At some point in your writing career, you will need suggestions for overcoming writers block. We have all faced that blank page, struggling with forming anything coherent. It's an occupational hazard. But, it doesn't have to be the end of the world. Here are some writing exercises that will help get those freelance ideas flowing again:
It doesn't have to be perfect. It doesn't have to make sense. It doesn't even have to be a sentence. Don't judge it, just write it. This is called freeform writing, scribbling down anything that comes to your mind. Freeform writing gets you moving because you are no longer stymied by making instant perfection. Sometimes the simple physical act of moving your hands across the keyboard, or writing words in ink across a page, will get that momentum going again.
Begin at Any Part
You don't have to write in chronological order; in fact, some writers simply cannot start with the beginning. Pick up your writing wherever you want--write the end first or work on the middle. Sometimes the beginning only makes sense if you have written the end.
Say It in Five Words
This writing exercise forces you to focus. It makes you get to the heart of the situation, without beating around the bush. What exactly are you trying to say? Write it down, but say it in five words. Once you have done that, you will be able to go back and elaborate, but putting your idea succinctly forces you to concentrate.
Change Formats or Settings
If you are used to writing at a computer, turn it off and write longhand on a piece of paper. Or, if you are used to scribbling longhand, change to a word processing program. Sometimes this abrupt change of format will help you focus and get the words flowing again. If you are used to working at a desk, go outside. Try moving to your public library or a coffeehouse. Many times, a change of scenery can help too.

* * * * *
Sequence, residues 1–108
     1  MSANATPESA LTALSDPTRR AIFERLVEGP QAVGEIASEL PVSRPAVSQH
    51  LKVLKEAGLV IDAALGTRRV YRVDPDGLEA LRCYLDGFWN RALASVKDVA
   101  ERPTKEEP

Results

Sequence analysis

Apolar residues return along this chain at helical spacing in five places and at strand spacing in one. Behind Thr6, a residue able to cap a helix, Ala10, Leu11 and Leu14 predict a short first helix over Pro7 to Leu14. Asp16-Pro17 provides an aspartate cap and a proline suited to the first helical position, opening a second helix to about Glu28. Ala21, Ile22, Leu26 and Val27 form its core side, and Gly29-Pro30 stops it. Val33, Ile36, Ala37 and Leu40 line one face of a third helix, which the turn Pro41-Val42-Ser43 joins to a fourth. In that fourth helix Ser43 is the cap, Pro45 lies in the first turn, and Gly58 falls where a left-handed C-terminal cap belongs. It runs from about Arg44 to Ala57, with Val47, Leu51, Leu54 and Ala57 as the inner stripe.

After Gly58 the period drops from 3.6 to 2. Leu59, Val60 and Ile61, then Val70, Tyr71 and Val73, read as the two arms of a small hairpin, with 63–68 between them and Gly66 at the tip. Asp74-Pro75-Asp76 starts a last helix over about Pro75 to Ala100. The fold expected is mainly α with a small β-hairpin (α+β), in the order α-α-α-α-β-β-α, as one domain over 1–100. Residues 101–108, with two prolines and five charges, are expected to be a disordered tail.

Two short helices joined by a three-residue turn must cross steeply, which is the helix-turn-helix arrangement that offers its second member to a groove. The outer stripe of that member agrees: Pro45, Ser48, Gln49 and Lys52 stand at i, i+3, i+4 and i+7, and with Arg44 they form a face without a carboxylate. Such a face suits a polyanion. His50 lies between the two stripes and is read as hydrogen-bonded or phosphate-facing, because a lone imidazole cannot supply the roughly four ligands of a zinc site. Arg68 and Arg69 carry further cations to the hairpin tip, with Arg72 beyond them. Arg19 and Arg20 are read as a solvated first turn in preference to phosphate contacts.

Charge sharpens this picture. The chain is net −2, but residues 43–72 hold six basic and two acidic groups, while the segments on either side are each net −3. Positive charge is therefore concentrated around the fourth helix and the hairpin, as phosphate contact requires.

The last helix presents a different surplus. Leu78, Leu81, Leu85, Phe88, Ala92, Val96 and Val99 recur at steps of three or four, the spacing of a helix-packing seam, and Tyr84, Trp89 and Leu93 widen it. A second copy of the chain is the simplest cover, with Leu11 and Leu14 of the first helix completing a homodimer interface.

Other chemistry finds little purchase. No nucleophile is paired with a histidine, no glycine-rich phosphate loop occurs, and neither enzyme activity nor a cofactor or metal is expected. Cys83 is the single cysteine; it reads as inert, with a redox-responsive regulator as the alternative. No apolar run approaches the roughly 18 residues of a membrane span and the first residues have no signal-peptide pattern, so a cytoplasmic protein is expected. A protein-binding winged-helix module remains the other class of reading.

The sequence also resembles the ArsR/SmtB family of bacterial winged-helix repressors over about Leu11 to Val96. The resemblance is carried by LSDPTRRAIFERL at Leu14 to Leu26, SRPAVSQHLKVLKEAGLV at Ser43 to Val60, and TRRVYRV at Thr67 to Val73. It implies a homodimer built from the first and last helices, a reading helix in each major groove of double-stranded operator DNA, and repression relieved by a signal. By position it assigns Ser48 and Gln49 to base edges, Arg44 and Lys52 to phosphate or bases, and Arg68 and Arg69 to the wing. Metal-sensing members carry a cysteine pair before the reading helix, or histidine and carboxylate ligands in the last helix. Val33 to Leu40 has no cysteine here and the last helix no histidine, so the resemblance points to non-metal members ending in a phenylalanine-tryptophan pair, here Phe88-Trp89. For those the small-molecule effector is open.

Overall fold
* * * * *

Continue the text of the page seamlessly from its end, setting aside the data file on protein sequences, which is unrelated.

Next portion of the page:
Make a List
If you can't think of the words in a narrative format, try listing or "chunking," which means writing the information down in a bulleted list format. This exercise helps you get the major points of your writing down on paper without worrying about the narrative flow.
Just Finish It
Set a goal for getting a certain part of your work written. Then do it--set a timer if the pressure of a time crunch helps you. Accept that it will probably need revision; accept that it won't be perfect. By forcing yourself to focus on accomplishing a specific goal within a specific time frame, you can often overcome that mental block to getting started.
Writer's block is a mental block that can be caused by many factors: stress, fatigue, anxiety, perfectionism, procrastination and fear of failure. But, by arming yourself in advance with simple writing exercises, you can deal with writer's block, and get back into the groove of writing in no time.______________________________
Sarah Baker is a documentary filmmaker and writer currently living in New Bern, NC. Her first book, Lucky Stars: Janet Gaynor and Charles Farrell, will be published December 2009. Read more about her.